According to the Department of Commerce, imports of cast iron soil pipe fittings from China during 2016 were valued at an estimated $8.6 million.

A final decision in the CVD case is scheduled for April 24, 2018.

U.S. ITC Rules in 5-Year Sunset Review of Stainless Steel Pipe Fittings

The U.S. International Trade Commission (USITC) issued its own ruling Dec. 14 on stainless steel butt-weld pipe fittings from Italy, Malaysia and the Philippines.

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The USITC ruled that removing existing antidumping duty orders on the product from the trio of countries “would be likely to lead to continuation or recurrence of material injury within a reasonably foreseeable time.”

Before we head into the weekend, let’s take one last look back at the week that was:

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Free Download: The December 2017 MMI Report

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This morning in metals news, Chinese aluminum output fell to its lowest total since February 2015, Liberty House considers buying a large Rio Tinto smelter in France and copper approaches a two-week high.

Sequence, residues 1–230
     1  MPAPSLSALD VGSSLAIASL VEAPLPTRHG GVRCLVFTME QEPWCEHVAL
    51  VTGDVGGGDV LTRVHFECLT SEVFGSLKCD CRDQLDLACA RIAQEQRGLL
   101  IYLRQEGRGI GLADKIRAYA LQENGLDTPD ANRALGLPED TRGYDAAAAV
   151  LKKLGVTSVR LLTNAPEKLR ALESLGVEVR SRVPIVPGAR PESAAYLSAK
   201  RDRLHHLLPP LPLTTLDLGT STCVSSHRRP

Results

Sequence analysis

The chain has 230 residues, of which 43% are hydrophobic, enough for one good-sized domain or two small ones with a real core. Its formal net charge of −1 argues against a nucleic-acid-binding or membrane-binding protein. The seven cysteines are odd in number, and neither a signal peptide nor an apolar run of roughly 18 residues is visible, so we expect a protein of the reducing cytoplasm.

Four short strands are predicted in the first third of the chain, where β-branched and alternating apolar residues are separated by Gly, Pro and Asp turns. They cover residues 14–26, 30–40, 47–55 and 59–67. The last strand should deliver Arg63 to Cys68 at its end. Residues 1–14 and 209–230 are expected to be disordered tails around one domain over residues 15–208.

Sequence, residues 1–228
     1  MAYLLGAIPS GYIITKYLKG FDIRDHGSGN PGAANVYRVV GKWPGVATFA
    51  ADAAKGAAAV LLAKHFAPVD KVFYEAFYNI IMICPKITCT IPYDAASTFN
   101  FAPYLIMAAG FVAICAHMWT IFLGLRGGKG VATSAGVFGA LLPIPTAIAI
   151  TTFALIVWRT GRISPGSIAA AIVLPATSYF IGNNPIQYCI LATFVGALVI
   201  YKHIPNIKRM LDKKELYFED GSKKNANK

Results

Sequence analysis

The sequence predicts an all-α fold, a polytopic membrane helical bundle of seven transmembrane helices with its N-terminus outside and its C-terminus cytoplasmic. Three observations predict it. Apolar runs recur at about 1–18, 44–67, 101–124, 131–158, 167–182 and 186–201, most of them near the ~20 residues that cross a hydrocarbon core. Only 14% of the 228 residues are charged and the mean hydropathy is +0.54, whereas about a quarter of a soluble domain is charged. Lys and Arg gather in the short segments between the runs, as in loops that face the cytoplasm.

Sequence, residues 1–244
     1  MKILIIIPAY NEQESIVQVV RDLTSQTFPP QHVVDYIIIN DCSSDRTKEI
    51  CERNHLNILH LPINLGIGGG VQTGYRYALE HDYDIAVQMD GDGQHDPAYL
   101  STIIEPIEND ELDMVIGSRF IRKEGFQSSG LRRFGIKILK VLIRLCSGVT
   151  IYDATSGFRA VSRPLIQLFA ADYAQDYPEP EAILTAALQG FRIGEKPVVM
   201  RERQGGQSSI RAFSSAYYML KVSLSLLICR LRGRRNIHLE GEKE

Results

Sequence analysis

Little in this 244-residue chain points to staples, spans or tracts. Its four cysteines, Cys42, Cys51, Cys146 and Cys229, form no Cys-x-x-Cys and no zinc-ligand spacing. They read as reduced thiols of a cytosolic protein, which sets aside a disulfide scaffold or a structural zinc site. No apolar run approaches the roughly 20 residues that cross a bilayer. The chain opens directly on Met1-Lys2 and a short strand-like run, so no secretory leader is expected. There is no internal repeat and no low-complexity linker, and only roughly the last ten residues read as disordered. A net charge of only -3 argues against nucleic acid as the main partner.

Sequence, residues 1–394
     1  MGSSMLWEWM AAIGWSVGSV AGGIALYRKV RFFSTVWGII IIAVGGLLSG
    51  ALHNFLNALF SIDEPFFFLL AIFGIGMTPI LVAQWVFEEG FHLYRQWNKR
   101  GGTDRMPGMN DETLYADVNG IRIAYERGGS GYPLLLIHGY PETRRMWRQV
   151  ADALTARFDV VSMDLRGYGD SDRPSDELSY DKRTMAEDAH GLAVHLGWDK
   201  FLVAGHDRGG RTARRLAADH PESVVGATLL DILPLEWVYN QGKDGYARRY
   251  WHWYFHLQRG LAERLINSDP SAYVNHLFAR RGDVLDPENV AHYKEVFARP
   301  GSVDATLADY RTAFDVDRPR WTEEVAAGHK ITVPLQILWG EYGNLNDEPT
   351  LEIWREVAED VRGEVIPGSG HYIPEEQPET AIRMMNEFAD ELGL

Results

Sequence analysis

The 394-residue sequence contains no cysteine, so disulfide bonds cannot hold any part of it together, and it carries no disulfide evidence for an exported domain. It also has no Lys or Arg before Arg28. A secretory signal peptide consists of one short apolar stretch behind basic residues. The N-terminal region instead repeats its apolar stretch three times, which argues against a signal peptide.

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Chinese Aluminum Output Falls

Chinese primary aluminum production dropped for a fifth straight month, Reuters reported.

In fact, winter smelting restrictions saw output fall to its lowest in the country since February 2015, according to the report.

Liberty House Eyes Rio Tinto Smelter

According to Reuters, Liberty House is considering a bid for Rio Tinto’s aluminum smelter in northern France.

The Dunkirk plant is valued at around 200 million euros, according to Reuters sources familiar with the matter.

Copper Rises Near Two-Week High

A weakening dollar and positive Chinese manufacturing data saw copper rise on Thursday, Reuters reported.

The Chinese industrial sector grew faster in November than markets expected.

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London Metal Exchange copper traded at $6,760 a ton in official midday rings, according to the report.

We’re another month closer to the end of the calendar year, and there’s much to recap from the last month in metals.

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After four MMIs ticked upward for our November reading, five did so for our latest report.

Hitting some of the high points:

  • The biggest winners of the month were the Automotive, Construction and Raw Steels MMIs. Automotive picked up four points, while Construction and Raw Steels picked up five points apiece.
  • The Aluminum MMI tracked back down, losing four points after a five-point rise the previous month. As Irene Martinez Canorea wrote, a dropping LME aluminum price had much to do with the sub-index’s drop.
  • The Stainless MMI, meanwhile, fell five points on the month. In this case, a 10% decline in nickel prices contributed to the MMI’s fall. Trading volume for LME nickel is still strong, Martinez Canorea wrote, and the outlook for nickel remains bullish.

You can read about all of the aforementioned — and much more — by downloading the December MMI report below.